Friday 29 May 2015


By Brenda F. Berrian

It is a cool afternoon at the Place de la République in Paris, and, clad in black, several people of Caribbean descent are kneeling on the pavement to form Le Brick, or la fresque humaine (The Brick, or the Human Fresco), with their bodies flat on green mats to duplicate the way in which their departed ancestors had been packed onto the bottom of a slave ship.

People attending the commemoration.
Photo: Brian Cook / Golden Sky Media
This is May 23, 2015, and the participants who make up la fresque humaine are among more than 30,000 people of Martinique, Guadeloupe, French Guiana, Réunion and various other ethnic origins at the 17th annual memorial commemoration of slave ancestors.

The free 13-hour Limyè bayo (Light for Them) program, with the themes of Acknowlegement and Reconciliation, also includes vendors, speakers, dancers and a free concert. 

This celebration is held under the auspices of Le Comité Marche du 23 mai 1998 (The Committee for the March of May 23, 1998, or CM98). This group lobbies the French government on issues related to Caribbean history, including the National Assembly’s passage of the 2001 Taubira Law and the inauguration of a holiday to commemorate the abolition of slavery.

Serge Romana and Joycelyne Beroard
Photo: Brian Cook / Golden Sky Media
“We have come to honor our great-grandparents,” announced Serge Romana from the stage set up at the Place de la République.

Romana, who's a Guadeloupean professor of medicine and president of CM98, served as one of the evening’s hosts.  “The holiday erases the shame that people feel upon hearing the word slavery…The name I carry is my great-grandmother’s that was given to her in 1848, when slavery was abolished. It isn’t so long ago,” he said.

After her performance, Jocelyne Béroard, the Martinican singer of the band Kassav’, said: “In Martinique, everyone wanted to forget about slavery and its history. For them, slavery symbolized pain. They had to deconstruct what was constructed in their minds. When Guy Deslauriers’ 2003 movie The Middle Passage about the indignities and sufferings of slavery on a ship from Africa to the New World was shown, people walked out and demanded back their money whereas I cried. They and I must know our history in order to move forward.”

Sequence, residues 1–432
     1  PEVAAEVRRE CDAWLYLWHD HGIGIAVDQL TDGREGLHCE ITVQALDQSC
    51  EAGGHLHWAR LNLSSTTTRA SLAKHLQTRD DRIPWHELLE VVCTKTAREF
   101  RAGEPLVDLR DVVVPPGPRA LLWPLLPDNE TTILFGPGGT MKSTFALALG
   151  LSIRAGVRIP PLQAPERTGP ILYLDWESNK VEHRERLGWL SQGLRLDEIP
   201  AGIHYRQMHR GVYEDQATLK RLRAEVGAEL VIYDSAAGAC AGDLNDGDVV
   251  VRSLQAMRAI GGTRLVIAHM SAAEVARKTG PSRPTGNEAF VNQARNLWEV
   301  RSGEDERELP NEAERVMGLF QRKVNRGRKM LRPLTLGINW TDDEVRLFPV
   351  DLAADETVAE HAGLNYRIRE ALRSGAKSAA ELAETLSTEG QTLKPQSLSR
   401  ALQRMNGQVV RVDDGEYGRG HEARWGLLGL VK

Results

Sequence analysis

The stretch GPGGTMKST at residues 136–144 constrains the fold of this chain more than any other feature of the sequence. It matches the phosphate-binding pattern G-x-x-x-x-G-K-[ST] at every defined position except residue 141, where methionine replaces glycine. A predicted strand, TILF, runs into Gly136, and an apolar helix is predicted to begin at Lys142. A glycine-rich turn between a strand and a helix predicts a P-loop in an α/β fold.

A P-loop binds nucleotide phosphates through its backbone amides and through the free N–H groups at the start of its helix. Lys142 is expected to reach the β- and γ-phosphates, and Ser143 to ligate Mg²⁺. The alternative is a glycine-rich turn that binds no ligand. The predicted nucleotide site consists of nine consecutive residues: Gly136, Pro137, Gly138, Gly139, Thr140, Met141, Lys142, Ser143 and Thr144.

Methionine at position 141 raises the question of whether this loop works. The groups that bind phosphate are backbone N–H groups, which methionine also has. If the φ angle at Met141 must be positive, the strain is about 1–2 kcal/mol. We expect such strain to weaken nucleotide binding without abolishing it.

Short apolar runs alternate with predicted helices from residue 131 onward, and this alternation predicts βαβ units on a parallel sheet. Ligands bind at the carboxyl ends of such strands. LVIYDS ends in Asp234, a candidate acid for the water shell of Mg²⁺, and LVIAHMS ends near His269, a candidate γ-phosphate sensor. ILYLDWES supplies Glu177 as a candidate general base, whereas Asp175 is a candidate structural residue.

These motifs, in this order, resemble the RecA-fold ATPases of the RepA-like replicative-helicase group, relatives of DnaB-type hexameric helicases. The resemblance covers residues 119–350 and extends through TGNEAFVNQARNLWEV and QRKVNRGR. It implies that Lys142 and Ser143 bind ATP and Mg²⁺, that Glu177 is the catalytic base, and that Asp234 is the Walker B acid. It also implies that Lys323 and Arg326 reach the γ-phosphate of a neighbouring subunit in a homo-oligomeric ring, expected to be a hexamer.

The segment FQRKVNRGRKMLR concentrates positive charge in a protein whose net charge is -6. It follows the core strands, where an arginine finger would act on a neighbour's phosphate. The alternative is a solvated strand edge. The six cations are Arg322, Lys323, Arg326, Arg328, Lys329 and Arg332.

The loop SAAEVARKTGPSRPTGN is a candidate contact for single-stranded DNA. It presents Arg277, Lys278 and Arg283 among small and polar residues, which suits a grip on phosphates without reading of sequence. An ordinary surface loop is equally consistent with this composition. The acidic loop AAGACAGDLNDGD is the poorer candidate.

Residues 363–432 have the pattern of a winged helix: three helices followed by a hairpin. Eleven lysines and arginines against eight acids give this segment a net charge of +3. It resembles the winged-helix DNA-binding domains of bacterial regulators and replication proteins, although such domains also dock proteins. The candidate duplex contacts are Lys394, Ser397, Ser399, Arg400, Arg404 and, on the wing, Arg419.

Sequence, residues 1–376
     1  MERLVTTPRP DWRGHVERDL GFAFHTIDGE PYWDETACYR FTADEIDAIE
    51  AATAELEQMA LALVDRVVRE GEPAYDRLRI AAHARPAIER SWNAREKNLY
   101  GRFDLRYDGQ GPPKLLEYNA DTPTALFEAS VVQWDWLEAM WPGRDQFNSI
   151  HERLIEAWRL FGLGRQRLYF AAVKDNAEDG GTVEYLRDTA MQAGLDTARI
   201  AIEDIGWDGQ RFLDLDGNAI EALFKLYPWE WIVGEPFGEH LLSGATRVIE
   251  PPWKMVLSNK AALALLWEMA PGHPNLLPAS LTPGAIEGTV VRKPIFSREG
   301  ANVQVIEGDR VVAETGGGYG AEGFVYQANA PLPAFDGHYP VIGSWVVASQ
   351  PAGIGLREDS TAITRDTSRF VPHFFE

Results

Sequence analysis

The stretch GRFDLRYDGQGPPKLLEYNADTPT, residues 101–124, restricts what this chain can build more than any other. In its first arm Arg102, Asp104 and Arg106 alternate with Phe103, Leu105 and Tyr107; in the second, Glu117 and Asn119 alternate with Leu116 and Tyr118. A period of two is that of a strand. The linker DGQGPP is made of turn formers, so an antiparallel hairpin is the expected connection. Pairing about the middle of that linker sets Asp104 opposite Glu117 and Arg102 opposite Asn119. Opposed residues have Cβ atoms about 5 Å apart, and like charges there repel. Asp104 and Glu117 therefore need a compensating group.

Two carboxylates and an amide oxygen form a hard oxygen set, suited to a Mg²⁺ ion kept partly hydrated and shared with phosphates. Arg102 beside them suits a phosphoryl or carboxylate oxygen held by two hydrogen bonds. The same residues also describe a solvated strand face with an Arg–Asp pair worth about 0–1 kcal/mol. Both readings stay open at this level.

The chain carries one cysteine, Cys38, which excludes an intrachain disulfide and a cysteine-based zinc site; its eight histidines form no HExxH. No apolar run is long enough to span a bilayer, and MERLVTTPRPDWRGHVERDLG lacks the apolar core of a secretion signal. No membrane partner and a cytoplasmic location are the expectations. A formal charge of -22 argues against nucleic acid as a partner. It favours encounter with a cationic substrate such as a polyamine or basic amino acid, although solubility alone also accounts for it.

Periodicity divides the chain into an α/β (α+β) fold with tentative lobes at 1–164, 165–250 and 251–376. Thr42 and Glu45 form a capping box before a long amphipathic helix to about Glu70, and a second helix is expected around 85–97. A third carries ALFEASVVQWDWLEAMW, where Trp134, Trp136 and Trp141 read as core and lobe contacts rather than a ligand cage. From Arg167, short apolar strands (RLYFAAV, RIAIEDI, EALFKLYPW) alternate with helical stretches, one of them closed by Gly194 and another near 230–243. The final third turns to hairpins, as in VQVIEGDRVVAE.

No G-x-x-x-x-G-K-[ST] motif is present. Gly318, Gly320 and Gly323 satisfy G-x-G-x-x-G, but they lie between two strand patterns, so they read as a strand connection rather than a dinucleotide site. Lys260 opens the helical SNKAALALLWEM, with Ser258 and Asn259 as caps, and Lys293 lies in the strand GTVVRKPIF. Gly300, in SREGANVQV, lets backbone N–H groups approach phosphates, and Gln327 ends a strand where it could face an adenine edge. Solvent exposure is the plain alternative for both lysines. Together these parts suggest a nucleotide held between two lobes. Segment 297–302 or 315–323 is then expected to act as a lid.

Spectators enjoying the concert.
Photo: Brian Cook / Golden Sky Media
CM98 was founded after the Paris march of May 23, 1998, in which 40,000 people including Caribbean nationals, Africans and Europeans protested  racial discrimination in complete silence from la Place de la République to la Place de la Nation. The CM98’s main purpose was the rehabilitation and defense of the memory of colonial slave ancestors who were based in French Guiana, Martinique and Guadeloupe.

The march was unprecedented because not more than 1,000 or 2,000 Caribbean people usually showed up for other marches. This time, however, the Caribbean population chose to celebrate the 150th anniversary of the abolition of slavery to ensure that the present and future generations would know their true history, which had not been taught in the French-oriented school system through the Caribbean islands.

Christiane Taubira
 (photo: SWAN)
In June 1983, the French Republic instituted the commemorations of the abolition of slavery throughout the overseas departments (DOM-TOM). The law of June 30, 1983, accorded a holiday to the departments. Then, on May 23, 2001, the Taubira Law was passed by the National Assembly to recognize that slavery was a crime against humanity. In 2008, after many debates, May 23 was chosen as the official date to honor the slave ancestors in France. Yet Martinique continues to celebrate the abolition of slavery on May 22; Guadeloupe on May 27; and French Guiana on June 10.

On Saturday, 17 years later, people of all walks of life were in attendance with V.I.P. guests such as George Pau-Langevin, the Minister of the Overseas Departments; Christiane Taubira, the Minister of Justice who lent her name for the 2001 law; and Anne Hidalgo, the Mayor of Paris. The free musical concert, with the Martinican journalist Marijosé Alie as the Mistress of Ceremony, included entertainers from Guadeloupe, Martinique and Haiti. The legendary Tabou Combo, the Haitian compas group, gave special tribute to Haiti. Live coverage of Limyè bayo was provided by a number of television networks.

It was a celebratory evening that gave voice to the fact that the ideas of liberty and freedom matter to all. La Place de la République, the largest pedestrian area in Paris, also symbolized a space where people meet to exchange various viewpoints.

Brenda F. Berrian is Professor Emerita of Africana Studies, University of Pittsburgh (USA).